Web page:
HERMISTON - The emergency response system is as good as it's going to get, so get on with destruction of the stockpile of chemical weapons at the Umatilla Chemical Depot.
That's what the majority of the northeastern Oregon residents at a public hearing Thursday night told officials from the Chemical Stockpile Emergency Preparedness Program Governing Board and the Citizens Advisory Committee.
"Get the hell on with the program and light the match," said Chuck Norris, resident of Hermiston and commander of the Depot from 1968 to 1971. "The storage risk will exist until the stock destruction is complete."
The stockpile of chemical warfare agents have been stored at the Depot since 1962. Test burns are still on track to start at the end of May, said Site Project Manager Don Barclay. Burning of actual agents is scheduled for February 2003.
The public's comments on the status of CSEPP will be forwarded to an executive review panel for consideration as it develops a recommendation for the governor.
The CSEPP Executive Review Panel was created by Gov. John Kitzhaber to evaluate community emergency readiness and recommend whether the Umatilla Chemical Agent Disposal Facility is ready for operation.
The Hazardous Waste Storage and Treatment Permit for the Umatilla facility requires the governor to issue a decision that an adequate emergency response program is in place and fully operational before operations can begin.
In the meantime, Norris pointed out, three former commanders of the Depot, including himself, have retired downwind from the Depot.
He said they should know better than anyone else the risks involved with the Depot, and if they feel safe enough to stay in the area, that should mean something.
Jerry Reed, a combat veteran living in Hermiston, said there is no 100 percent guarantee for safety until the stockpile is eliminated.
"Our greatest danger is doing nothing or continuing to postpone what we need to do," Reed said.
Lifetime Hermiston resident Bill Myers said it's really up to citizens to take care of themselves in an emergency.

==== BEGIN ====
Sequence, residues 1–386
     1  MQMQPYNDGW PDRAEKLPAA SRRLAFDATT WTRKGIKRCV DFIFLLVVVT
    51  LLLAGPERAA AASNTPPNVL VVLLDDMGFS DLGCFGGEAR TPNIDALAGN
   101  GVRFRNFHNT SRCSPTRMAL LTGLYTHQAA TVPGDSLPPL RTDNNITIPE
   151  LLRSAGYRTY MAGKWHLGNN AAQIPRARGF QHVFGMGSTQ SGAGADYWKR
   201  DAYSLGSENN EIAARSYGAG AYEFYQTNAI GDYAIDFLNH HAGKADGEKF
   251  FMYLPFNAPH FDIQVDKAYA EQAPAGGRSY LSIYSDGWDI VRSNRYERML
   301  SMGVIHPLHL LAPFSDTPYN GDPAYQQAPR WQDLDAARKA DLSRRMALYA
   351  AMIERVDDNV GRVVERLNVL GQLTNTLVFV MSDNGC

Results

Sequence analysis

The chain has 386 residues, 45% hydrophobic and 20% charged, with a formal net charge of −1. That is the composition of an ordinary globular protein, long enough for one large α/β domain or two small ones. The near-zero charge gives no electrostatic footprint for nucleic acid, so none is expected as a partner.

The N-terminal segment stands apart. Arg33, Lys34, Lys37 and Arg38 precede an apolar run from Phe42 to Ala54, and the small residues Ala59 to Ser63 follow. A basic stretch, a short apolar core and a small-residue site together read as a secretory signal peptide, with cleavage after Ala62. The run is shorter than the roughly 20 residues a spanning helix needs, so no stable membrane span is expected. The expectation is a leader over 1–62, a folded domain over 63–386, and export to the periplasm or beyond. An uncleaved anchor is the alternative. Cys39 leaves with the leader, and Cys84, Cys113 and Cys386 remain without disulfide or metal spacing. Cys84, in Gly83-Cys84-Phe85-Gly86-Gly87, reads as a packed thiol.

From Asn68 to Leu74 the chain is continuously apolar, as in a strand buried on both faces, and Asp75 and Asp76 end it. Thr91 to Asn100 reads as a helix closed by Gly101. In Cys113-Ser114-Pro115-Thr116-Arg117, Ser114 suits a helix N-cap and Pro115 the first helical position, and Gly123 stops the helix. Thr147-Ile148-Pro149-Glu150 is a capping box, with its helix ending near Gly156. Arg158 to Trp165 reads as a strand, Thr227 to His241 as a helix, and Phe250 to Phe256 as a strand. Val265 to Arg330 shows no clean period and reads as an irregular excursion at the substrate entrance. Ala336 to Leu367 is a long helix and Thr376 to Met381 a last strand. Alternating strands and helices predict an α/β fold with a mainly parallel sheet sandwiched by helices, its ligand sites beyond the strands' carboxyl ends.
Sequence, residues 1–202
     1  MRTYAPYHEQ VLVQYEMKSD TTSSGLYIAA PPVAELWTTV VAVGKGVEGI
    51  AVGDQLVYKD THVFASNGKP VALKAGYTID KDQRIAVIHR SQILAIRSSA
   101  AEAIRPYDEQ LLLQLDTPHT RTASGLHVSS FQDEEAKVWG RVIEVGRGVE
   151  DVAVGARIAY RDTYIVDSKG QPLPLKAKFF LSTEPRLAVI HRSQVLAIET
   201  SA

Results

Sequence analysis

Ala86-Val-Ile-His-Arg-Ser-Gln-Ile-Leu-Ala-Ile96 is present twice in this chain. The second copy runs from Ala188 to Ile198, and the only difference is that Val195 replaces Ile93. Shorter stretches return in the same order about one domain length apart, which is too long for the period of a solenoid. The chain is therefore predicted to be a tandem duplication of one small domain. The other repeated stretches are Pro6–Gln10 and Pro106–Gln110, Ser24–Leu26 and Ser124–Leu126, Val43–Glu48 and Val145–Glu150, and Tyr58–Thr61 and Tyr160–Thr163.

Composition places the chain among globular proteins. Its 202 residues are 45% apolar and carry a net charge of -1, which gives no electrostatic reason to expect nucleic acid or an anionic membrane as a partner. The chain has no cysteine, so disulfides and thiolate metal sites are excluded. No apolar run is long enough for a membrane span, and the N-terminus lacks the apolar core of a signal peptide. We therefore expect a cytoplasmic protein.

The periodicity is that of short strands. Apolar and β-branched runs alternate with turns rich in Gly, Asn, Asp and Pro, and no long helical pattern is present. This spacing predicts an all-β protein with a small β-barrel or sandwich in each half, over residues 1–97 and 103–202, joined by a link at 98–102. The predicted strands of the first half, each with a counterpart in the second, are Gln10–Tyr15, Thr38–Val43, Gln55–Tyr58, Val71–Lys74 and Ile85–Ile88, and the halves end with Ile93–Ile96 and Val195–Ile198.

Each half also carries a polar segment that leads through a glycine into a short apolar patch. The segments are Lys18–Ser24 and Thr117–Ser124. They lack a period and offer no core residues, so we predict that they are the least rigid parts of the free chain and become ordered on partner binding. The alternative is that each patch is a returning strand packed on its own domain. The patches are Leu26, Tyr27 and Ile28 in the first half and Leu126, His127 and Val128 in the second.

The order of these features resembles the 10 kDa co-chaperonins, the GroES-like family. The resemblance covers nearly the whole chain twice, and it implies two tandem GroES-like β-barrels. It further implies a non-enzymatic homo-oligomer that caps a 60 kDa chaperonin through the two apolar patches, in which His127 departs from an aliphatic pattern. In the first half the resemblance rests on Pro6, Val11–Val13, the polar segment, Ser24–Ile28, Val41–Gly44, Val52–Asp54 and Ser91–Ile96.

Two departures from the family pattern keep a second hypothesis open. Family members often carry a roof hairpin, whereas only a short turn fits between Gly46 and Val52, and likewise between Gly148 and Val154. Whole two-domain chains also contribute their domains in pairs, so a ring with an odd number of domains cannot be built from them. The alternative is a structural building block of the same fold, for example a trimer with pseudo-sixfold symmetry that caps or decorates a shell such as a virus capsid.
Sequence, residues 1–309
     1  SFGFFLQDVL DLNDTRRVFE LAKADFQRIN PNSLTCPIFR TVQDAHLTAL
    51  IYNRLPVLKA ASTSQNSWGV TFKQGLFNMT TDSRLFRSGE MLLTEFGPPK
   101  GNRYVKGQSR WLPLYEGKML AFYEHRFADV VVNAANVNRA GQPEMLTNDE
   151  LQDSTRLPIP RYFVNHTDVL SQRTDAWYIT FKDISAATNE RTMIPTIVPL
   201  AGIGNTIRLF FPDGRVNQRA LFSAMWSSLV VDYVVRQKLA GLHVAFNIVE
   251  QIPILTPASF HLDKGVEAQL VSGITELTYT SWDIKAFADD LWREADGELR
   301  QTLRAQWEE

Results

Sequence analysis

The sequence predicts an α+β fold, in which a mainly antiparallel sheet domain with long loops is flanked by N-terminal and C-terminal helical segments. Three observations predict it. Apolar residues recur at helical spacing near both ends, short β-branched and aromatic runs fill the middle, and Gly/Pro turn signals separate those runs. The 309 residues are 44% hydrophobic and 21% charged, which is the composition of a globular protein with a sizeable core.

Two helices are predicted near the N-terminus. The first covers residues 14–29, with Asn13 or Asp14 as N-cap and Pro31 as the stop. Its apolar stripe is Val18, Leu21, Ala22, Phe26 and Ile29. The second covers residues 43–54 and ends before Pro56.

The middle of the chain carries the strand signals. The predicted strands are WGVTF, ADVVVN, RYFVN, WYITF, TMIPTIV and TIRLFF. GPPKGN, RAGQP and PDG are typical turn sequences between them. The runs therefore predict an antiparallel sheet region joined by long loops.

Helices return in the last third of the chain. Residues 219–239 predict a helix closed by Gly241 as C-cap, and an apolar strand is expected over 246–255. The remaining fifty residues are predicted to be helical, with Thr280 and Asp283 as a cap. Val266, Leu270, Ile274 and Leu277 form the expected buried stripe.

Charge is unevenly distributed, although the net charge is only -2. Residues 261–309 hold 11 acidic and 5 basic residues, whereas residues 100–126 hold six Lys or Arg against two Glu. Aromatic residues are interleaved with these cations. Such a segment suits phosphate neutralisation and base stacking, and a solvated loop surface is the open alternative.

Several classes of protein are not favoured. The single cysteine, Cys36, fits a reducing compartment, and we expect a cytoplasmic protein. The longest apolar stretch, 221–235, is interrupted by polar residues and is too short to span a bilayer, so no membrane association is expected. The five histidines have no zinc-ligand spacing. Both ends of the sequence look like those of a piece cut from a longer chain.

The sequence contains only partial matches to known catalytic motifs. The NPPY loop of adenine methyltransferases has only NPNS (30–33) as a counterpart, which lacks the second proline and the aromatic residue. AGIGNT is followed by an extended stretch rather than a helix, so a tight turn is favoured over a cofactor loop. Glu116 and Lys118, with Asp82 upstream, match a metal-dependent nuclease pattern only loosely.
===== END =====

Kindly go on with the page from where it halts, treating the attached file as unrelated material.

"You guys can help me, but I'm the one responsible for myself," Myers told the committees. "I'm not going to leave town, I'm not worried about it," he said.
There are several residents who are worried about it, however.
"Incineration is on a pedestal but they've never really revealed all the details," said J.R. Wilkinson of Hermiston. "I'm not sure incineration is the way to go, I'm in that gray zone."
Speaking from a well-researched position, Wilkinson made several recommendations to officials dealing with emergency preparedness and the incineration process.
First, he recommended full disclosure of information so the public can make informed opinions about their safety as well as a door-to-door campaign to gather input from people living in the "A-Zone," where people would be most likely impacted.
He also suggested a better push to get information out to the Hispanic farm workers.
Wilkinson's last recommendation said a plan for "response, reentry, recovery and restoration" needs to be in place.
"I don't believe an adequate emergency response system is in place," Wilkinson concluded.
Hermiston's Karyn Jones, representing the Oregon Wildlife Federation and anti-incineration group GASP, said she is concerned about the "notion that adequacy" over maximum safety is good enough for Oregon. She also agreed with Wilkinson that a plan of reentry needs to be settled on.
Susan Jones of Hermiston said her main concern is the children. A teacher for 28 years, she said the school she works in does not have medical supplies or showers in place in case of a chemical emergency. She also said that the students are required to go outside and move into a different building, exposing them to the elements.
Residents who didn't make the meeting can still submit written comments to the Hermiston Department of Environmental Quality Office through April 30.
Copies of documents including executive reports, evaluations and other technical information are available at the Oregon DEQ office in Hermiston, the Oregon Emergency Management office in Pendleton or the Hermiston Public Library.